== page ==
I have to ask how Reed, Perkins, Dobson, Robertson, and others who have defended Trump through everything will continue to defend him and still expect to be taken seriously in their own organizations?
How does their allegiance to an immoral, abusive man further the cause of Christ, which is the main objective of all Christians?
As has been said before elsewhere, Christians supporting and defending this man, for whatever reason, hurt their Christian witness. They forfeit any right to call out sinful behavior. They forfeit any right to minister to the broken and abused woman, who needs to have a meeting with the Healer. They forfeit any right to go into the streets, the bars, the prisons, and tell troubled young men that though what they do is wrong, there is forgiveness. They forfeit the right to talk about God’s plan for the family, when they’ve held up such a man as the leader of the free world.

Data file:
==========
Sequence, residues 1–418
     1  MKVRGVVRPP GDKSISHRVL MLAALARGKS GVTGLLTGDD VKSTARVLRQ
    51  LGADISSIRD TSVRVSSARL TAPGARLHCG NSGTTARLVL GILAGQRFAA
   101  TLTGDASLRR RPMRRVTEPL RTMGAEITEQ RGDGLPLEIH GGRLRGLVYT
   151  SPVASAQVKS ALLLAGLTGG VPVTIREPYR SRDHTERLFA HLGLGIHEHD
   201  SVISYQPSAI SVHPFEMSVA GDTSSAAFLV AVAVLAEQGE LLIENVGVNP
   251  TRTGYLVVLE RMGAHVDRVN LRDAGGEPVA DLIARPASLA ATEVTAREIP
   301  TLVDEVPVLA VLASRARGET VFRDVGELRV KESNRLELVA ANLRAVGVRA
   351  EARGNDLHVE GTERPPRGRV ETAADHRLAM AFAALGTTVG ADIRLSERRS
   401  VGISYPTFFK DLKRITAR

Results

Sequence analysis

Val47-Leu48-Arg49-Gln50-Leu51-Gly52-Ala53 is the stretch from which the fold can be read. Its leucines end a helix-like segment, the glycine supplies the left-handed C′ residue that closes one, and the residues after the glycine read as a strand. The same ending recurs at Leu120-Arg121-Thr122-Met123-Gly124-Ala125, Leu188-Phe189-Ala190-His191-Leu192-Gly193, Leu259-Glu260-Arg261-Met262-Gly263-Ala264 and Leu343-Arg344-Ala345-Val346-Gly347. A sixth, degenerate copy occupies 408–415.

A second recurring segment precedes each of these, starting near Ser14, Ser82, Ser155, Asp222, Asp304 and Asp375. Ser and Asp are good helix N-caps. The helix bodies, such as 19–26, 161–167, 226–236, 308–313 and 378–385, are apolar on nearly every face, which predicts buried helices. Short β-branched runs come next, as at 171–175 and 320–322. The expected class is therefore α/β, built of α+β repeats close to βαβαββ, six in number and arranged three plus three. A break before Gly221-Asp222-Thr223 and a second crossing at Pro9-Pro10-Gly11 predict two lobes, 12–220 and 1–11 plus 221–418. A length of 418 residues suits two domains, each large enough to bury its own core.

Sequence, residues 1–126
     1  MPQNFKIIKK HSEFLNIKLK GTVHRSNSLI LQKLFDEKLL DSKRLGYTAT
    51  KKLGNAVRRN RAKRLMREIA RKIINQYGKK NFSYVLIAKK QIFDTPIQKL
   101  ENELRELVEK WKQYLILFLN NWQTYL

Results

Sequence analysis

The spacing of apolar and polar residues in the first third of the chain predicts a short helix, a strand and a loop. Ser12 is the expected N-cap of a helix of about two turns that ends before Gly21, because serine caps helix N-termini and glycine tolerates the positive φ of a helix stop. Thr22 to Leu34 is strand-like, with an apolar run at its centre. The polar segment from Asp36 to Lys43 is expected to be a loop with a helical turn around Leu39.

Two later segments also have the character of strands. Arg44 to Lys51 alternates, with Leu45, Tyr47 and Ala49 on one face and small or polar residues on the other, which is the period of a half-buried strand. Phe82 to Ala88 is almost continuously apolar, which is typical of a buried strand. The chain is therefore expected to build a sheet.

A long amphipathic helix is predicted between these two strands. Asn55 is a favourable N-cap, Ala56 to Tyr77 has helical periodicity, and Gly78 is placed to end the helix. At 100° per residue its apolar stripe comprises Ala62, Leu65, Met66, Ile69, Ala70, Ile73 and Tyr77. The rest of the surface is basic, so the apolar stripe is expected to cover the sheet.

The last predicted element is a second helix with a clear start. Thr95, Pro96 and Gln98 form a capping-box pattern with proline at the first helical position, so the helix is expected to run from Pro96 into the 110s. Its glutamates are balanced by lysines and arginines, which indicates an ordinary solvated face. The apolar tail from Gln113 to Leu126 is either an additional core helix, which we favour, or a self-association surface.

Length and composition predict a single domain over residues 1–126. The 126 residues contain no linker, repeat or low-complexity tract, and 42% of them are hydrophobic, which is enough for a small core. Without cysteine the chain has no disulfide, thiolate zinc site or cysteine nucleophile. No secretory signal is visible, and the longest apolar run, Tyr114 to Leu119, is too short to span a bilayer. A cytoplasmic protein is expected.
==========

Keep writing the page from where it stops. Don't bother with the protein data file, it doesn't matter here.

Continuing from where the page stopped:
At some point, it all becomes too much. There is no excuse to still support this man to be president, when there are better choices among our third parties.
These “faith” leaders show a lack of faith by letting fear of Hillary Clinton be the chain that keeps them loyal to a man such as Trump.
1 Corinthians 15:33 NIV says, “Do not be misled: ‘Bad company corrupts good character.’”
Trump is the bad company that will follow these men and the Christian church in America long after the election is over.
Whatever good their organizations once served will be forgotten. Their mission statements will be hollow.
My hope is that somewhere, these men are hearing about the latest allegations, and that the Spirit of God is doing a convicting work on their hearts.
They need to begin rebuilding their reputations immediately, and that begins with saying, “I was wrong.”